Super Bowl Ad Nix Spurs Anger

While a gay dating website that was barred by CBS from running an ad during the Super Bowl may have grounds to charge it was discriminated against, the site’s parent company has a track record of operating provocative websites and seeking out press coverage to promote them.

“The rejection is very general,” said Dominic Friesen, a co-founder of, the website. “It just says the ad is not within the CBS broadcast standards.” is operated by Avid Life Media, a Toronto company that runs six websites. Friesen, who is also an officer in Bridge and Tunnel Communications, a Los Angeles public relations firm, would not disclose the ownership structure of, saying it was confidential.

Gay dating website cries foul, but parent company has flair for such PR

Friesen said the company spent $100,000 producing a 30-second spot intended to air during the February 7 Super Bowl and that it was prepared to pay $2.6 million. The ad, which shows two men kissing after their hands inadvertently touch, was presented to CBS earlier in January and rejected on January 29.

“The bottom line is we submitted an ad that we felt was fairly conservative,” Friesen said. “If we were out there submitting an ad just for the shock value, we could have gone much further.”

In a brief note to, CBS wrote “that the creative is not within the network’s standards for Super Bowl Sunday.”

CBS also wrote that it “has had difficulty verifying your organization’s credit status. Should you wish to explore future buys on [CBS], the credit issue will have to be clarified. At that point, our Standards and Practices Department would be open to working with you on acceptable creative and appropriate daypart scheduling.”

Friesen said that his bank had written to CBS to affirm the website’s credit and that the network had not responded to repeated efforts by to address the ad’s content.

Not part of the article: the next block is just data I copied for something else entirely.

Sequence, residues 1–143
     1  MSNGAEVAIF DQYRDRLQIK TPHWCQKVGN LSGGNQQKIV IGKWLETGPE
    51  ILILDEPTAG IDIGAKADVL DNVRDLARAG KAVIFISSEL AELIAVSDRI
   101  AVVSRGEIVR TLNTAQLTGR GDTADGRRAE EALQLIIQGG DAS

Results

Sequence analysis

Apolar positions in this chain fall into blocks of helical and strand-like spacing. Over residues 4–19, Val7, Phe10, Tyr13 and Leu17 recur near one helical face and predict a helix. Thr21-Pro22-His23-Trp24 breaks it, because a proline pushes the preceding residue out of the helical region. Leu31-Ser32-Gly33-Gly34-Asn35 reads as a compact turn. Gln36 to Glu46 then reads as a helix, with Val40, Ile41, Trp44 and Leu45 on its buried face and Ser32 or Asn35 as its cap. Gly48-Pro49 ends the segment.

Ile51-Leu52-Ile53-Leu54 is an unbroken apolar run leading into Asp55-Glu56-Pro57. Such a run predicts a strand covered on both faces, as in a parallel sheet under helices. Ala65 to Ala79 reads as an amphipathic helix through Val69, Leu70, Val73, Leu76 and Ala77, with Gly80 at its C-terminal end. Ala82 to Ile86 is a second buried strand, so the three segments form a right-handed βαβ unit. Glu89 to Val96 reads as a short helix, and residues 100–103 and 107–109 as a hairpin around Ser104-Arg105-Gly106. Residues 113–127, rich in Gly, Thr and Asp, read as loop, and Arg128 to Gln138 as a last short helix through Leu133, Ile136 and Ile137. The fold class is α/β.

“We have made every attempt to find out what the network needs from us to present the ad, and they have not responded,” Friesen said. “This is indicative to us that it is discrimination.”

While the rejection has sparked some outrage in the gay blogosphere, it has also prompted speculation that it was created to be rejected so the site could milk the ensuing publicity.

“Was it just for all this attention?” Friesen said. “Absolutely not. We’re still trying to get our ad on the air.”

While Avid is privately held, the company prepared but withdrew a 2010 initial public offering on the Toronto stock exchange.

The Globe and Mail, a Toronto newspaper, said Avid reported sales of $30 million in 2009 and earnings of $8 million before paying interest and taxes and accounting for other expenses such as depreciation. That suggests that Avid was prepared to spend an amount equivalent to more than ten percent of its 2009 expense budget for all of its websites on a single ad buy.

Avid operates, a website for married people who wish to meet others for extramarital affairs,, a site where younger women can meet older rich men,, a site for swingers,, a straight dating site, and, a site where older women can meet younger men.

“We‘re just disappointed,” said Noel Biderman, president of Avid. “We think we built a really great dating service for men… We made a kitschy, fun ad for a reason. We wanted to make it humorous.”

When the ad was rejected, Biderman said the company thought, “How do we take this to the streets… We think CBS is out of touch with the times.” ran an ad during the January 31 Pro Bowl, and it ran one on an NBC affiliate station in Texas during the 2009 Super Bowl.

In 2009, tried to buy $200,000 worth of ads on Toronto buses, but was rejected. Avid effectively worked the press over that rejection. Infinity Communications, a Canadian public relations firm with three offices in North America, called it “the most ingenious publicity stunt of the year.”

In 2008, Simone Dadoun-Cohen co-founded with Avid and garnered significant coverage as the press explored if the site was promoting prostitution. The site was profiled on ABC’s Nightline.